Looking for a foreclosure or REO property in ?
What is an REO?
REO means Real Estate Owned. These are properties which have been foreclosed upon and are now held by the bank or mortgage company. This is unlike real estate up for foreclosure auction. If you buy a property during a foreclosure sale, you must pay at least the loan balance plus any interest and other fees accrued during the foreclosure process. You must also be able to pay with cash in hand. Finally, you'll get the property one-hundred percent as is. That might comprise current liens and even current residents that may require removal.
A REO, on the other hand, is a much cleaner and attractive deal. The REO property was unable to find a buyer during foreclosure auction. Now the lender owns it. The bank will attend to the elimination of tax liens, evict occupants if needed and generally arrange for the issuance of a title insurance policy to the buyer at closing. You should be aware that REOs may be exempt from normal disclosure requirements. For instance, in Calfornia, banks do not have to give a Transfer Disclosure Statement, a document that ordinarily requires sellers to reveal any defects of which they are informed.
Are REO's a bargain in Tampa?
It's frequently believed that any REO must be a steal and an possibility for easy money. This isn't necessarily true. You have to be prudent about buying a REO if your intent is make a profit. While it's true that the bank is often anxious to sell it soon, they are also strongly motivated to get as much as they can for it. When contemplating the value of a REO, you need to look closely at comparable sales in the neighborhood and be sure to take into account the time and cost of any repairs or remodeling needed to prepare the house for resale. The bargains with money making potential exist, and many people do very well flipping foreclosures. But there are also many REO's that are not good buys and not likely to turn a profit.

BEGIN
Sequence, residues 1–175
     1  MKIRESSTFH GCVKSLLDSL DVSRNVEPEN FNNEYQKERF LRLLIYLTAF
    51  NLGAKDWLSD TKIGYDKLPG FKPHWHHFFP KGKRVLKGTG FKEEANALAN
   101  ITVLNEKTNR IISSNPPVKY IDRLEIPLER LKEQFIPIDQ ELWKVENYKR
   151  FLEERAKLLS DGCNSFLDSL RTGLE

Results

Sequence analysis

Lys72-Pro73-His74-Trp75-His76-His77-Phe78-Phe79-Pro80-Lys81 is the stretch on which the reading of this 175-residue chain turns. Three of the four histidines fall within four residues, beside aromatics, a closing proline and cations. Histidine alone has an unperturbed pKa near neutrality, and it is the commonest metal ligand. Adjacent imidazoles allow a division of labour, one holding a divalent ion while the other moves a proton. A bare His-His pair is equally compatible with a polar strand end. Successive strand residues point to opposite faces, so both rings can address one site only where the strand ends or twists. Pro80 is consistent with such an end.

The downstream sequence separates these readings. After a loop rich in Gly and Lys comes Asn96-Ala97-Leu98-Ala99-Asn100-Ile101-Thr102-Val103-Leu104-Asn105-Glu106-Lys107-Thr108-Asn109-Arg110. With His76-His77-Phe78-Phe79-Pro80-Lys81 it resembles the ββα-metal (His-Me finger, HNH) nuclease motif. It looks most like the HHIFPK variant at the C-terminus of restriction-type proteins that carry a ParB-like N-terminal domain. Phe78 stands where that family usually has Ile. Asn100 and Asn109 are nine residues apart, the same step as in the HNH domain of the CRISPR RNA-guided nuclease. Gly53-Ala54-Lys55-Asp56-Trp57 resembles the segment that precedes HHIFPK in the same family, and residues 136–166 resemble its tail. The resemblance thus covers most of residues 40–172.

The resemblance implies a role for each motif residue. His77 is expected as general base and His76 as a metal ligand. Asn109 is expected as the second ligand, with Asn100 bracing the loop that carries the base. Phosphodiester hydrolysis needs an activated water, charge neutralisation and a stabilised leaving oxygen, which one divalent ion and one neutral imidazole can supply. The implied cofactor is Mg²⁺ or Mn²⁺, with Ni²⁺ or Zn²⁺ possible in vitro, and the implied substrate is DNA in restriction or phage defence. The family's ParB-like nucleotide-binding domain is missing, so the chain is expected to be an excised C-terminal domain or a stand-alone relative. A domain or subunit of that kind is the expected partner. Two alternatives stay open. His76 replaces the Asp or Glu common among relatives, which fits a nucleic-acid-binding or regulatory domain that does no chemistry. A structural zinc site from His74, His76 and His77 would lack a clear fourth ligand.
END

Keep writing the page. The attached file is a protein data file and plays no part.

Ready to make an offer?
Most mortgage companies have a REO department that you'll work with in buying a REO property from them. Typically the REO department will use a listing agent to get their REO properties listed on the local MLS. Prior to making your offer, you'll want to contact either the listing agent or REO department at the bank and learn as much as you can about what they know regarding the condition of the property and what their process is for accepting offers. Since banks usually sell REO properties "as is", you'll want to be sure and include an inspection contingency in your offer that gives you time to check for unseen damage and terminate the offer if you find it.
As with making any offer on real estate, your offer may be more attractive if you can include documentation of your ability to pay, such as a pre-approval letter from a lender. Once you've submitted your offer, you can expect the bank to make a counter offer. Then it will be your decision whether to accept their counter, or offer a counter to the counter offer. Be aware, you'll be dealing with a process that generally involves a group of people at the bank, and they don't work evenings or weekends. It's not uncommon for the process of offers and counter offers to take days or even weeks.